A catas­tro­phe that never should have hap­pened


The Washington Times Daily - - EDITORIAL - By San­dra McEl­waine San­dra McEl­waine is a Wash­ing­ton cor­re­spon­dent for The Daily Beast.

Si­mon & Schus­ter, $30, 384 pages

Dec. 7, 1941, a day that haunts us still. Af­ter 75 years, nine for­mal in­ves­ti­ga­tions, in­nu­mer­able books, sto­ries and end­less spec­u­la­tion, no one has prop­erly con­cluded why Amer­ica was caught de­fense­less and to­tally off guard when a mob of Ja­panese Zeros zoomed in and nearly oblit­er­ated the en­tire U.S. Pa­cific fleet in Pearl Har­bor that sleepy Sun­day morn­ing.

The sneak at­tack, which found the ships berthed side by side within the con­fines of the har­bor, was dev­as­tat­ing. The United States was stunned. More than 2,000 mil­i­tary per­son­nel were killed along with 68 civilians and all eight bat­tle­ships sunk or badly dam­aged.

For­tu­itously, the three air­craft car­ri­ers were out on ma­neu­vers. Pres­i­dent Franklin Roo­sevelt called the Ja­panese treach­ery “a date that will live in infamy.”

How could the in­con­ceiv­able have hap­pened? Af­ter read­ing Steve Twomey’s ex­haus­tive and un­flinch­ing, “Count­down To Pearl Har­bor: The Twelve Days To The At­tack,” the con­clu­sions are as fol­lows:

An as­ton­ish­ing lack of com­mu­ni­ca­tion be­tween Wash­ing­ton and the mil­i­tary thou­sands of miles away in Hawaii.

Gar­bled, de­layed and in­co­her­ent in­struc­tions within the mil­i­tary it­self. Even though in close con­tact with each other the Navy brass did not know ex­actly what the Army brass was do­ing and visa versa.

There were gross mis­judg­ments, wrong as­sump­tions and a mul­ti­tude of missed op­por­tu­ni­ties be­gin­ning at the White House all the way down the chain of com­mand.

Though the U.S. had bro­ken the Ja­panese code and re­al­ized war was im­mi­nent some­where in the Pa­cific (most thought the Philip­pines) there was a lais­sez faire at­ti­tude in the trop­i­cal par­adise.

War warn­ings were ac­knowl­edged but ig­nored. No one was in to­tal com­mand.

In­ex­pli­ca­bly, early the morn­ing of the at­tack two Army pri­vates, who were fid­dling with a prim­i­tive radar set, spot­ted a swarm of uniden­ti­fied planes com­ing in over the ocean head­ing straight to­ward Oahu. Alarmed, they called head­quar­ters only to be told to for­get it.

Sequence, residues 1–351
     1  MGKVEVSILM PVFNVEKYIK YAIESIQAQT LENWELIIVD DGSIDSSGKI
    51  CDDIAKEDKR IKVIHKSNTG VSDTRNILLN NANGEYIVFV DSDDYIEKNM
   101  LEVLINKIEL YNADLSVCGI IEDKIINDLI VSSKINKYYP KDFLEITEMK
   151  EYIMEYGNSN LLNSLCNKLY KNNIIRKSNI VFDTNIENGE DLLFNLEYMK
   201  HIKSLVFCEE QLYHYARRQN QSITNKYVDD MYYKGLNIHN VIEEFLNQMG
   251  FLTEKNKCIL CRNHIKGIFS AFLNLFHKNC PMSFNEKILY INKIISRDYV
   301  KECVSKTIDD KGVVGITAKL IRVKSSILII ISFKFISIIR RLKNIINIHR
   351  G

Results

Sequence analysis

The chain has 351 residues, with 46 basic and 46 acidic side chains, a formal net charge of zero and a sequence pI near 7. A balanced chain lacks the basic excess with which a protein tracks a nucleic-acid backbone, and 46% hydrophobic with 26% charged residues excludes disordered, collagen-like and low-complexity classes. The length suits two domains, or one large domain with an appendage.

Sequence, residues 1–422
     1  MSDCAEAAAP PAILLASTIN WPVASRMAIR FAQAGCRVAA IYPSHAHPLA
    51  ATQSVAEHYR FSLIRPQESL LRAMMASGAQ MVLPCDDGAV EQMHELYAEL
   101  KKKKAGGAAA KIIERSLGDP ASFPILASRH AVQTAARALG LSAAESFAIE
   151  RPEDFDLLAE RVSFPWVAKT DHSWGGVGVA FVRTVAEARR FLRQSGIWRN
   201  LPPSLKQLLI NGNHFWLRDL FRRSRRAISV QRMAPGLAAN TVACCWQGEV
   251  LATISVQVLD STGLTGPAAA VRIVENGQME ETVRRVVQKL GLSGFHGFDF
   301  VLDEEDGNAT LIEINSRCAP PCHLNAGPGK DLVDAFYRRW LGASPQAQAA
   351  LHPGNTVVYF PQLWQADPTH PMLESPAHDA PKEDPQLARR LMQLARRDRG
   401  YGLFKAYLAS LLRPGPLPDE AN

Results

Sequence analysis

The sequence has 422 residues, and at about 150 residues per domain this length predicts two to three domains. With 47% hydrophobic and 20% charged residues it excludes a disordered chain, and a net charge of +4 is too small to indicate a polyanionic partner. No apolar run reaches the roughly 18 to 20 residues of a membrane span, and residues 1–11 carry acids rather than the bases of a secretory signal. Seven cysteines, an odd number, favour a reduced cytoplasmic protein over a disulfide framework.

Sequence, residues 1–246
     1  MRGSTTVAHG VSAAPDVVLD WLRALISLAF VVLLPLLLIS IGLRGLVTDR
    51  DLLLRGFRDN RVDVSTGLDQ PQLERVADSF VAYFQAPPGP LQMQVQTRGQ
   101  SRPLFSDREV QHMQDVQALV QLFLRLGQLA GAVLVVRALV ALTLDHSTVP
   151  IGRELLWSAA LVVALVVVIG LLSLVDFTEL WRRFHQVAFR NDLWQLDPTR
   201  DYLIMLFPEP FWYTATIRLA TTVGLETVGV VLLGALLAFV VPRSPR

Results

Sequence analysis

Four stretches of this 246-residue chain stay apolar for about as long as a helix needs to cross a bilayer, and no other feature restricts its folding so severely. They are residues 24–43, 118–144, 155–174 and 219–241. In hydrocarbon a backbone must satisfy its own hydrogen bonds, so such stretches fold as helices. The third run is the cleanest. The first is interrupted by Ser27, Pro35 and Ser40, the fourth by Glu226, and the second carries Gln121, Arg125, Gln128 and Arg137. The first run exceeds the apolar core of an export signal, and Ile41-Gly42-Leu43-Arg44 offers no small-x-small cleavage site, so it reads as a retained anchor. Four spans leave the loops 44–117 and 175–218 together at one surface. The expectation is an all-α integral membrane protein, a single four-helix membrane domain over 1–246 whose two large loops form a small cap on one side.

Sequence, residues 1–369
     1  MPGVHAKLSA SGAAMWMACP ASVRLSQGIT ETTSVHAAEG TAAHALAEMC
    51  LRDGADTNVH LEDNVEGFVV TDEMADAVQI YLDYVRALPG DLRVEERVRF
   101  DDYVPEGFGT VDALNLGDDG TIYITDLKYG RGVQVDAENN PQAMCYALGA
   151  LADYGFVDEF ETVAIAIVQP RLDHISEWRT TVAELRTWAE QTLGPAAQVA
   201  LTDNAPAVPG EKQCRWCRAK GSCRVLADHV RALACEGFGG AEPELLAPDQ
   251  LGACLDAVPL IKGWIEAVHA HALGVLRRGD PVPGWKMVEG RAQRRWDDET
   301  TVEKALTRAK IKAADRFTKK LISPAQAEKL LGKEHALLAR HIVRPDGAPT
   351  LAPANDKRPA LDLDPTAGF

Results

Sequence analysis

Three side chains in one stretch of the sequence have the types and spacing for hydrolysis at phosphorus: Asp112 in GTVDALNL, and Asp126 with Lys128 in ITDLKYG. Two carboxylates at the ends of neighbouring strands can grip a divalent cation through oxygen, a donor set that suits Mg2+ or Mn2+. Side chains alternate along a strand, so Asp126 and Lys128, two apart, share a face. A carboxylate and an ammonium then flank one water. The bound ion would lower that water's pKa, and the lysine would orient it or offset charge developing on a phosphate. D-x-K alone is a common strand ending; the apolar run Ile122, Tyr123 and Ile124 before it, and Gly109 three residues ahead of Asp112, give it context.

They were just a bunch of B17s re­turn­ing from the main­land. Even though the chief of the Pa­cific Fleet, Adm. Hus­band E. Kimmel, knew a de­stroyer had fired at a for­eign sub­ma­rine sus­pi­ciously lurk­ing off­shore, he went to his of­fice and is­sued no or­ders. He was not sure the as­sault was real.

Above all, there was breath­tak­ing ig­no­rance and prej­u­dice. Be­cause the Ja­panese were dis­missed as in­fe­rior — “the yel­low peril” — there was ba­sic dis­be­lief their im­pe­rial navy was ca­pa­ble of un­der­tak­ing such a long, dar­ing and dan­ger­ous sea voy­age. Their pi­lots were deemed sec­ond-rate, un­able to pull off such a daunt­ing task.

The West knew lit­tle about the suave, Ja­panese Adm. Isoruko Ya­mamoto, a dap­per man who had spent time in the United States as a naval at­tache, spoke flu­ent English and was known as a bril­liant tac­ti­cian. He was also a con­sum­mate bridge player and a highly so­phis­ti­cated gam­bler.

De­spite the fact he op­posed war, he re­al­ized early on con­flict with Amer­ica “was in­evitable” and Ja­pan, the smaller power, must strike on “its first day.” His aim: to send air­craft car­ri­ers to Pearl Har­bor in or­der to crush U.S. naval power and trau­ma­tize the un­sus­pect­ing na­tion.

Im­pla­ca­ble de­ter­mi­na­tion and to­tal se­crecy were cru­cial to success. Com­plete ra­dio si­lence, to­tal black­outs and in­cred­i­ble luck, al­lowed his con­voy of 30, fea­tur­ing six air­craft car­ri­ers, to cross more than 3,000 miles of ocean un­de­tected and un­scathed. It was the ul­ti­mate gam­bit.

In Ja­pan the saga­cious, Bos­ton Brah­min, Joseph Grew, long­time U.S. am­bas­sador to that coun­try, knew war was on the hori­zon. He had been en poste for 10 years and ac­quired a raft of Ja­panese friends, con­tacts and a pro­found un­der­stand­ing of the se­crecy and bel­li­cos­ity of the na­tion.

In his let­ters to the pres­i­dent, whom he ad­dressed “Dear Frank,” they had been class­mates at Gro­ton School, he wrote, “Ja­pan has be­come openly and unashamedly one of the preda­tory na­tions,” and warned that Ja­pan might act with “dan­ger­ous and dra­matic sud­den­ness.’

He told the U.S. State depart­ment he and his staff were in­creas­ingly iso­lated and would be un­able to pro­vide any sub­stan­tial in­for­ma­tion on troop move­ments or overt ag­gres­sion. He knew Ja­pan would strike soon. But where?

In­cred­i­bly, Ya­mamoto’s bat­tle plan never leaked.

Grew was in the em­bassy con­fis­cat­ing pa­pers and de­stroy­ing codes when he learned of the dis­as­ter at Pearl Har­bor. He was in­terned in his res­i­dence for nine months and then ex­changed for Ja­panese diplo­mats in the United States.

In an ironic twist of his­tory, the Ja­panese em­ployed the ex­act same sur­prise tac­tic more than a cen­tury ago. They launched a raid on the Rus­sian fleet moored out­side Port Arthur in Manchuria in 1904, kick­ing off the bloody Russo-Ja­panese War.

Mr. Twomey’s book gives us the tick tock of the lead-up to the most in­fa­mous day in U.S. his­tory. He has put to­gether the pieces of the be­wil­der­ing puz­zle and writ­ten a riv­et­ing ac­count of a catas­tro­phe that never should gave hap­pened.

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